I'm sat here on my virtual deathbed. 50% of the population call it 'man flu'; 50% call it DEATH DISEASE. I'll let you, gentle reader be the judge of what I'm infected with. To assist in your deliberations though, this is me. Right now...
On to more important things. Bread. Now, I love bread. Nothing beats a nice crusty chunk of bread with some soup, or big, fat sandwiches for work. Also, nothing beats the smell of a bakery, which is a fact upon which I think we can all agree. I've been meaning to do an update on homemade bread for absolutely ages. Ever since I was given a breadmaker for my 28th birthday, in fact. So today, with the absence of work and a fresh loaf baked last night, I thought now was as good-a-time as any.
In the dark ages, y'know when women didn't have the vote, an honest job was working t'mines, Noel Edmunds was a popular TV celebrity and I didn't have my wonder-machine, I was never into the pre-sliced, bog-standard loaves that you could buy in bright polythene and tried, where possible, to get them from the bakery in a supermarket or, indeed, a bakery. I never quite realised however, to what extent actually owning a breadmaker would change my life. I make about 3 loaves a week, which sees to all sandwiches and toast and it tastes THE BEST.
Admittedly, being an impatient male, the 3hrs 24min it takes to make is agony - particularly in view of the smells emanating from the kitchen in the last hour - but it's so worth it in the end.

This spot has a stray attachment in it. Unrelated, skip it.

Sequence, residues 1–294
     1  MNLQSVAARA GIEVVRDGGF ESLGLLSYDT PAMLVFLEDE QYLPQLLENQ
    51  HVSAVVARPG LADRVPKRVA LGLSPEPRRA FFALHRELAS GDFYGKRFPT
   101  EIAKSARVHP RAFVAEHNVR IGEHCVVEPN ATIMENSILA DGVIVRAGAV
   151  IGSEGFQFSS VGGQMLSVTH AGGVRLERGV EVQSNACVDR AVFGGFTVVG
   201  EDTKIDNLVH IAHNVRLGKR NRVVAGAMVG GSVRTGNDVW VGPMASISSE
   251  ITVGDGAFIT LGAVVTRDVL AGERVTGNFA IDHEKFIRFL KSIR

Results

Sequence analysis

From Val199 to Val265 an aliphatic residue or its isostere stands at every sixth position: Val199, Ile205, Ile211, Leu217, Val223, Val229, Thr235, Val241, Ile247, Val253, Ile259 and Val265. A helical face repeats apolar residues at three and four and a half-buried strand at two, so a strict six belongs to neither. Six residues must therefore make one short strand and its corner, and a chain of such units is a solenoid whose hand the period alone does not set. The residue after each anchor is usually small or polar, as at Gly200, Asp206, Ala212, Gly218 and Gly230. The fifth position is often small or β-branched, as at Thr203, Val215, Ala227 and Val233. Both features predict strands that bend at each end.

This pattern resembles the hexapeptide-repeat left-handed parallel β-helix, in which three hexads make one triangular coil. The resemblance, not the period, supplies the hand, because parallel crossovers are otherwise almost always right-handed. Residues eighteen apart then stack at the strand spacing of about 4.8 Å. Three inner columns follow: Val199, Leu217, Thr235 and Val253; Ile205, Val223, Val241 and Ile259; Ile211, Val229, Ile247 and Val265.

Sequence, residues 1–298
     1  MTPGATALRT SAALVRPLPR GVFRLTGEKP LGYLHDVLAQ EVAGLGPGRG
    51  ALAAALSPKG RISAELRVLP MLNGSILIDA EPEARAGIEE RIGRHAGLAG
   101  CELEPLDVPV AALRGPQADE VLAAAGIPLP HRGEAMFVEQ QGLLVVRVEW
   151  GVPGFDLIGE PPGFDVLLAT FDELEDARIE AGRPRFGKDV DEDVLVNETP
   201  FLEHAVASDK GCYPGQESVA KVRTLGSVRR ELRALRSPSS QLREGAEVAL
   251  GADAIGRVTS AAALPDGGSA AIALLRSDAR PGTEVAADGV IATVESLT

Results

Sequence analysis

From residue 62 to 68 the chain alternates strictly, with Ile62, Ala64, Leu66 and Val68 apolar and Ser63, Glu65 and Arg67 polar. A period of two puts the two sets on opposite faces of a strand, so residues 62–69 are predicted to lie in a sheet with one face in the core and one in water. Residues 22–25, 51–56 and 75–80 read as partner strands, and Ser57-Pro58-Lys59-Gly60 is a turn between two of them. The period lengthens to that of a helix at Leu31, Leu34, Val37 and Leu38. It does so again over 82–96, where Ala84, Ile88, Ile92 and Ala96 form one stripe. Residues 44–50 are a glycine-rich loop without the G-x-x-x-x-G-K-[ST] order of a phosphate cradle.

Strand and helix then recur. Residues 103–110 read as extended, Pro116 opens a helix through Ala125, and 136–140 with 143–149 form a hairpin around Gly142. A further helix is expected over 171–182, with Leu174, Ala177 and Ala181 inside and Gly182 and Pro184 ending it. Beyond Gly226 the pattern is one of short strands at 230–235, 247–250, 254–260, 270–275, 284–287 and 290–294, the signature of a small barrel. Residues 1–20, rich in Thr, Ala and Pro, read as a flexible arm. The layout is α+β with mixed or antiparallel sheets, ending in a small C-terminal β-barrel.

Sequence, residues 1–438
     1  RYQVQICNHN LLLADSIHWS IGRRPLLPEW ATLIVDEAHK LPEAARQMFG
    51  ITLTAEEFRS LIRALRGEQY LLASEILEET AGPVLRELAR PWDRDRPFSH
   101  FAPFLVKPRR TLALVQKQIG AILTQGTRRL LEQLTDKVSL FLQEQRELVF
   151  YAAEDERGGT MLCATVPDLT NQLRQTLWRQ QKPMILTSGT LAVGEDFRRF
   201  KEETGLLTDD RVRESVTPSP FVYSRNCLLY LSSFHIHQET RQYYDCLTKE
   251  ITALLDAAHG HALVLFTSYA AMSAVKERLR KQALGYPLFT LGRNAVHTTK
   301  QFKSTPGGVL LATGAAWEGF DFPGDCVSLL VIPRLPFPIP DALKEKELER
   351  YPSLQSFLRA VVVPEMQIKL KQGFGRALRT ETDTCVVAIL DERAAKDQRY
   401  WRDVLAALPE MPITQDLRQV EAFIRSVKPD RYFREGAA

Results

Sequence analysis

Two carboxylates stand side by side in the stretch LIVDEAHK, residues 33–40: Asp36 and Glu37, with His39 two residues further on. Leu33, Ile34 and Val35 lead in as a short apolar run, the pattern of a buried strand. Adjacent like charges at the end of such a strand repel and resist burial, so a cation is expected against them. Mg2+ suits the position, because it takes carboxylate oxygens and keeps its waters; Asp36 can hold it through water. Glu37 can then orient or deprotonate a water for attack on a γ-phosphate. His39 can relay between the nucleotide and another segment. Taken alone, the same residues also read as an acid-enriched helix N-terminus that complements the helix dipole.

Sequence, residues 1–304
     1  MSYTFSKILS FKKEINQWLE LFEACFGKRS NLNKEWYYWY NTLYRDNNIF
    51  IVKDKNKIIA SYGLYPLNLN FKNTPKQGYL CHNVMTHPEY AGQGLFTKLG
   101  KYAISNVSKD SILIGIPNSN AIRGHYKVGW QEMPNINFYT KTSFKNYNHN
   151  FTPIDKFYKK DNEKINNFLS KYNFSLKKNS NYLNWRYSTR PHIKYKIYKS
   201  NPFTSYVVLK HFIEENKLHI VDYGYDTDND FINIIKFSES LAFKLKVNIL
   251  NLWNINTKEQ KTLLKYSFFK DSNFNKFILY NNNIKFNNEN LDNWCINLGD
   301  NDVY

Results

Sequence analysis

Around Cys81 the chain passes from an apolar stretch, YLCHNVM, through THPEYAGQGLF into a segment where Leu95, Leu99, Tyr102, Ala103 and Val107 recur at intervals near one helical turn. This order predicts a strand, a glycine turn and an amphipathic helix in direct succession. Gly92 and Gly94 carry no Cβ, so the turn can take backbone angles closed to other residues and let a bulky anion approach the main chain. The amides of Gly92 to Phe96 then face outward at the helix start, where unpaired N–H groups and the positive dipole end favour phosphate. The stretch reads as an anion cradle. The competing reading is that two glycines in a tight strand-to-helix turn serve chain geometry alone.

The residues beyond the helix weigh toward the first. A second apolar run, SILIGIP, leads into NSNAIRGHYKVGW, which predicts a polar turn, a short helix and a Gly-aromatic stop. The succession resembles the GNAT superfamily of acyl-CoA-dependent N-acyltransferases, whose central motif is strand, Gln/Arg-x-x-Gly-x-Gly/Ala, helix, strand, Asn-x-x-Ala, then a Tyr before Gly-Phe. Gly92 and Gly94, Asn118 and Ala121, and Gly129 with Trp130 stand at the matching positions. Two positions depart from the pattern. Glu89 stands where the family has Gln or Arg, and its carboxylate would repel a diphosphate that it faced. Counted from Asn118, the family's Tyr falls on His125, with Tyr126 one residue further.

It took a while to get what I would consider to be, the perfect loaf. I'd used various recipes, with differing proportions of the ingredients, to varying degrees of success. I then tried various yeasts. There's the bread yeast which you just add in straight from the packet and then there's the yeast that you have to activate first in a sugar solution. This is my preferred version.
Anyway, onto the recipe. I have my breakmaker set to the following:
- Dark crust
- 3hrs 24min
- 600g of strong white flour
- 1 Tbsp yeast
- 1 Tbsp granulated sugar
- 1 Tsp salt
- A knob of butter
- 13fl oz of warm water (split up to activate the yeast)
The great thing is of course, is once you have the basics down, the versatility of the bread is only limited by your imagination. Herbs (my personal favourite is dried rosemary), spices, oats, sultanas etc. It's just delicious.